I set myself the goal of reading and reviewing 52 writing guides over the year. Here is book 16.
I bought How to Write a Book From Outline to Finish Line: 10 simple ways to outline your nonfiction book by Shelley Hitz because I wanted to refresh my memory on writing a book proposal.
What I should have looked for was a book on writing book proposals rather than a book on outlines, as it wasn’t really what I was looking for – not the author’s fault at all, but mine.
However, when I say “I bought” it, the book was actually FREE on Kindle, so I didn’t need to worry about returning it and asking for a refund. And, because I’d bothered to get it in the first place, I decided to read it from start to finish anyway, and it didn’t take long.
The book actually does do exactly what it says on the cover: It does suggest ten different ways to outline your book. These cover apps and packages such as Trello, Evernote, Scrivener, et al, and other more tried and tested systems, such as whiteboards and sticky notes. And then the chapters very quickly cover how the author uses these tools to outline her own books.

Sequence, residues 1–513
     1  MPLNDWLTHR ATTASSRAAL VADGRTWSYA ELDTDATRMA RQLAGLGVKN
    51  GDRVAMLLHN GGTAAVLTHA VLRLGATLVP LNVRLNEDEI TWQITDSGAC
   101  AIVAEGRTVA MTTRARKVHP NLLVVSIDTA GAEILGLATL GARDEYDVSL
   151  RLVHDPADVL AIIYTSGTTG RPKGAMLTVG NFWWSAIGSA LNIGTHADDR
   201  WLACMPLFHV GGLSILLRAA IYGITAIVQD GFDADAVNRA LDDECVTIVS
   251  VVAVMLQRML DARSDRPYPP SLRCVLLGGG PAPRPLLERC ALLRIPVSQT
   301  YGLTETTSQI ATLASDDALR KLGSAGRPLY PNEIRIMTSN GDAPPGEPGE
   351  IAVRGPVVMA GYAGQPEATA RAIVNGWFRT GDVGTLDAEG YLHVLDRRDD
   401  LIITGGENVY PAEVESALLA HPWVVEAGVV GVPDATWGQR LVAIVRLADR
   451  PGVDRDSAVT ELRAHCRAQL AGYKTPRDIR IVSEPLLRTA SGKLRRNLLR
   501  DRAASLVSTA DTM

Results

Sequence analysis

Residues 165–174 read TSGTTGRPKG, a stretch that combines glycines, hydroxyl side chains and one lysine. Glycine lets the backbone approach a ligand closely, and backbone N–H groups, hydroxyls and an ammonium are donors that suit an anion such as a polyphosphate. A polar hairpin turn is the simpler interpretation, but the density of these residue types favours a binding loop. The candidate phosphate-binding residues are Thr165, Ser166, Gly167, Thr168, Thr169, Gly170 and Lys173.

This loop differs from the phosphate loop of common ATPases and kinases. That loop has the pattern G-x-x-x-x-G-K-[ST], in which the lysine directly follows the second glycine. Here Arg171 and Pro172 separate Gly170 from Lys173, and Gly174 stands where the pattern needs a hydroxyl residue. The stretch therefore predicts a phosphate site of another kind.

There then follows a chapter on writing the book itself, or how to start and then how to keep your bum on the seat, and then there’s a chapter on dictating the book, writing it yourself, or hiring a ghostwriter.
If you’re looking for tools and apps, etc, to help you brainstorm your next book, then this is a good place to start, and it’s free (at the moment). It’s a short, quick read written in an enthusiastic style.
How to Write a Book From Outline to Finish Line: 10 simple ways to outline your nonfiction book is available for free on Kindle, in the UK and in the US, and probably elsewhere in the world too – just copy and paste the title into the search and you’ll find your local copy.